MANILA, Philippines - The Disaster Risk and Exposure Assessment for Mitigation (DREAM) program component of the Department of Science and Technology (DOST)’s Project NOAH is getting P2.4 billion for its two-year extension next year up to 2016 as well as its expansion.
Rowena Guevarra, executive director of the DOST’s Philippine Council for Industry, Energy and Emerging Technology Research and Development, said that of the P2.4-billion fund, P1.5 billion will go to the program proper, while P900 million will go to resource assessment.
With the extension, the DREAM project is expected to come up with a comprehensive and integrated flood early warning system covering the entire country by the end of the program’s extension up to 2016.
The project was originally funded for two years starting from its launch in 2012.
So far, the DREAM effort has finished scanning 17 of the targeted 18 critical river basins in the country through the LIDAR (light detection and ranging) system, a state-of-the-art technology that can generate high-resolution, up-to-date, three dimensional flood hazard maps.
The DREAM team has already produced LIDAR-based flood models for Iponan, Mandulog, Iligan, Pampanga, Davao Oriental, Marikina, Cagayan de Oro, and Compostela Valley.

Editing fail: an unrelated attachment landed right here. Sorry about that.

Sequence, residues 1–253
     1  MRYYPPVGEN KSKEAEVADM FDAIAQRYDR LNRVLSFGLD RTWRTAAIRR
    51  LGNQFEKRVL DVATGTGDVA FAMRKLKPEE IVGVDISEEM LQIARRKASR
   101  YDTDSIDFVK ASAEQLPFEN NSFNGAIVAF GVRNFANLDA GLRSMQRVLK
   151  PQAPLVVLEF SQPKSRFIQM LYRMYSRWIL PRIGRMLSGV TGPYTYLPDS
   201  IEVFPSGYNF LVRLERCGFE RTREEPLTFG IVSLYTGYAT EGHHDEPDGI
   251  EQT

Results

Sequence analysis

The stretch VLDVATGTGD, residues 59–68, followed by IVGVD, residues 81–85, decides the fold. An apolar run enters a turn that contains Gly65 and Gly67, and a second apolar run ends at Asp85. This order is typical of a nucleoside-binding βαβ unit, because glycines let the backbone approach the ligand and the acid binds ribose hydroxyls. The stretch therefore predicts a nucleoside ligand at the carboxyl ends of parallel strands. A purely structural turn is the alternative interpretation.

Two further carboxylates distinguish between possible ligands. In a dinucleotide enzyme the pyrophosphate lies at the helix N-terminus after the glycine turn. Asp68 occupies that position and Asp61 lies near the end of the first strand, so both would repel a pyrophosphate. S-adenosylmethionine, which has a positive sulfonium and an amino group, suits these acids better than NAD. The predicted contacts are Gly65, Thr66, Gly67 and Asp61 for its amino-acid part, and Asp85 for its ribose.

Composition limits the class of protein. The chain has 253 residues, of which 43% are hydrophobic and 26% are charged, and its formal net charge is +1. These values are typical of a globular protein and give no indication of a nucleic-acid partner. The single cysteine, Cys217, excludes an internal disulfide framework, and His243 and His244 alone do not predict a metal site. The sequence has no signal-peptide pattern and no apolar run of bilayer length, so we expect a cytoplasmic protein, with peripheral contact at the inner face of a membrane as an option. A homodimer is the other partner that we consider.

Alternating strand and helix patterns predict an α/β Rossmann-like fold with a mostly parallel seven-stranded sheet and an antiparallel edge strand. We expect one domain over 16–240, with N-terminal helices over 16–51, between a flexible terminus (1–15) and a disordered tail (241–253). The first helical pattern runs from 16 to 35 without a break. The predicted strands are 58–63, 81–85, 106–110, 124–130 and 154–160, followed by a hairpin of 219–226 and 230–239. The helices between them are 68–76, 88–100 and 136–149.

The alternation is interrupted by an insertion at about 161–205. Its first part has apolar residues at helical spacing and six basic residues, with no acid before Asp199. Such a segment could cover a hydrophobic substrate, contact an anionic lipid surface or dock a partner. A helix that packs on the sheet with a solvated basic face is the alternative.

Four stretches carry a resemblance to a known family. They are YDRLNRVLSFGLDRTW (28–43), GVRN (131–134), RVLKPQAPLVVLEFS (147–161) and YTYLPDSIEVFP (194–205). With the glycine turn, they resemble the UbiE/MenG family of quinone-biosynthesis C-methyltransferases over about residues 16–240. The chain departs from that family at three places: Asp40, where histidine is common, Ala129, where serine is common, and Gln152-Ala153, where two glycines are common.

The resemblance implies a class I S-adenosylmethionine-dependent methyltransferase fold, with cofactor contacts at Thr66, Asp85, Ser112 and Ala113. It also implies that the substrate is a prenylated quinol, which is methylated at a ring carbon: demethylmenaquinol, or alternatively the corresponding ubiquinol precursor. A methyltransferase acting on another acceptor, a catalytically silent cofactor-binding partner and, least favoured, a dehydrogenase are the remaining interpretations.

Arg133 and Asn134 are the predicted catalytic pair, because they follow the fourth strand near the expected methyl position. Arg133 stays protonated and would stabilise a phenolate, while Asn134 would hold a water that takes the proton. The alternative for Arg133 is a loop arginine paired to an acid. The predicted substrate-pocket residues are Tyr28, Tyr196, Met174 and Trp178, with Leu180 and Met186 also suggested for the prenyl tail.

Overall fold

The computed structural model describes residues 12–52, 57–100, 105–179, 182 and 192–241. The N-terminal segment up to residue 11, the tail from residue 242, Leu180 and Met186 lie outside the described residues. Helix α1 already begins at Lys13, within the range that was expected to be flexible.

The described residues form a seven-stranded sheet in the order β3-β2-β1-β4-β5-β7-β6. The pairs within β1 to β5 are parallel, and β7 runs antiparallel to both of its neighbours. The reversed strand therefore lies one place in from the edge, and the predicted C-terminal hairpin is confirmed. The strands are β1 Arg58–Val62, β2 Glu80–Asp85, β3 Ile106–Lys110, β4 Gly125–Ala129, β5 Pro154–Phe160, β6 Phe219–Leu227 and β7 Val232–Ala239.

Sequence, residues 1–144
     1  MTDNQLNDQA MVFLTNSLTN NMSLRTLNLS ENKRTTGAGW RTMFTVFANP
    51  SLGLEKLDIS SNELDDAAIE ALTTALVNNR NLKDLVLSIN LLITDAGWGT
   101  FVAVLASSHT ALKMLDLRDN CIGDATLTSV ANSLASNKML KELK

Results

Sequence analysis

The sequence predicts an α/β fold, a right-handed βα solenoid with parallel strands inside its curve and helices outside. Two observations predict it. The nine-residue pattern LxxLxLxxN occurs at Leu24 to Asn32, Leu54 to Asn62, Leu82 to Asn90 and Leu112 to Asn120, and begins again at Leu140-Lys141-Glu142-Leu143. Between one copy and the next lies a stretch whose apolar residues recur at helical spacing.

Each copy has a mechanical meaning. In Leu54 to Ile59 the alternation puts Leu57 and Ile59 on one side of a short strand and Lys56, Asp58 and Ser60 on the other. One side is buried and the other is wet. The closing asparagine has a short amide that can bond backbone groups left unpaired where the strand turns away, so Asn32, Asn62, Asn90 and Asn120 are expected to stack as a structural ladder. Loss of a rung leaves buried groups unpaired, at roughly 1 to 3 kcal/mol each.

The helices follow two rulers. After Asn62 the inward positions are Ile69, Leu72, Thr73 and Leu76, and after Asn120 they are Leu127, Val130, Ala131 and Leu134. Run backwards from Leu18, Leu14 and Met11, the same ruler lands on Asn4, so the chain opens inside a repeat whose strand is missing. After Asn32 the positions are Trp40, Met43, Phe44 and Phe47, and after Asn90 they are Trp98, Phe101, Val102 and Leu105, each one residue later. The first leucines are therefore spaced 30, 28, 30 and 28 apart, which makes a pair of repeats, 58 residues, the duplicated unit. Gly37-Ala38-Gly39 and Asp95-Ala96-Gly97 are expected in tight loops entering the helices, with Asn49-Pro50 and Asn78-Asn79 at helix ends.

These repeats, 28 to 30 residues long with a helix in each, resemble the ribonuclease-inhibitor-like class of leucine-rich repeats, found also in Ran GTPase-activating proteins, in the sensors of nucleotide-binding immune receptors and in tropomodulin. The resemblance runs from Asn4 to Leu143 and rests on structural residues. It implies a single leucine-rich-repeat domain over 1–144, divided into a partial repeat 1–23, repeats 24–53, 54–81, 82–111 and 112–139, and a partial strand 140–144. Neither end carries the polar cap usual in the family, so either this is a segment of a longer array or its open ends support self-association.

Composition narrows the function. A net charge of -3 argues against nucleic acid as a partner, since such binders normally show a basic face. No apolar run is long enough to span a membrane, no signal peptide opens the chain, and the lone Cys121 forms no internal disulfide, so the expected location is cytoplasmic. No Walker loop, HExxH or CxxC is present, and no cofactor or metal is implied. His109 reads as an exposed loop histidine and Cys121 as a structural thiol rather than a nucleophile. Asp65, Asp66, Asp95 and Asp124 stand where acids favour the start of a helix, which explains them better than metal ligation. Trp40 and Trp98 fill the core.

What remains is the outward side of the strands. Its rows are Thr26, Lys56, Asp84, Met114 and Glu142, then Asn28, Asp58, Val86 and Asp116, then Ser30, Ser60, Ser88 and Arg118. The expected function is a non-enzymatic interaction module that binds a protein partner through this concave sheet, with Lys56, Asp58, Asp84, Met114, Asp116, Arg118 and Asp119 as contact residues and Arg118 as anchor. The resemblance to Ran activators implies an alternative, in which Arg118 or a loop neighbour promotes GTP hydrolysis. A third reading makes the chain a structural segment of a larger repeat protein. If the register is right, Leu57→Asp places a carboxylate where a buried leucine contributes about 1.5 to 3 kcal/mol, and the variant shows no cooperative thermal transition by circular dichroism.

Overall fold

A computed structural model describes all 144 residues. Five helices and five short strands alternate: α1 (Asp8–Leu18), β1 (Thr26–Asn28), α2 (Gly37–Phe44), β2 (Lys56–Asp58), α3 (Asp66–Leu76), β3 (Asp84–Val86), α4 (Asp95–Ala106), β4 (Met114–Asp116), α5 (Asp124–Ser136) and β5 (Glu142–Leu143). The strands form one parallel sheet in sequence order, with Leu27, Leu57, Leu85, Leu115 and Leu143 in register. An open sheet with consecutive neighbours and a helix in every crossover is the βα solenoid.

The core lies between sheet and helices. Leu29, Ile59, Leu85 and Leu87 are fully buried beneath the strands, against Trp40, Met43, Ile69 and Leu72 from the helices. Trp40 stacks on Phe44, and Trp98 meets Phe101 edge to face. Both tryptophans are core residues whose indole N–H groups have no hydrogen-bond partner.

The rest of the flood models are to be completed by June 2014 when the original first phase of the program is set to end.
Data gathered under the DREAM program is also included in the Project NOAH (Nationwide Operational Assessment of Hazards) website.
The DREAM entailed the procurement of two aircraft to carry the LIDAR instruments for the aerial inspections of the river basins.
The second phase of DREAM made possible by the extension will aim to double the number of equipment being used to be more efficient in data gathering, Guevarra said.
The DREAM project, in the second phase, tapped the help of 30 to 50 state universities and colleges offering geodetic engineering and computer science courses to address the manpower requirements of the program.